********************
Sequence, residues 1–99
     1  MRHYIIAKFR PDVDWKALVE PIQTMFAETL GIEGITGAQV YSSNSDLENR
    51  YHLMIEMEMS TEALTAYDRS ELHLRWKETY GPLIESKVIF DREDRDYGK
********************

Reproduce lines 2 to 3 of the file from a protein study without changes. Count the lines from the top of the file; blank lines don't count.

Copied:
     1  MRHYIIAKFR PDVDWKALVE PIQTMFAETL GIEGITGAQV YSSNSDLENR
    51  YHLMIEMEMS TEALTAYDRS ELHLRWKETY GPLIESKVIF DREDRDYGK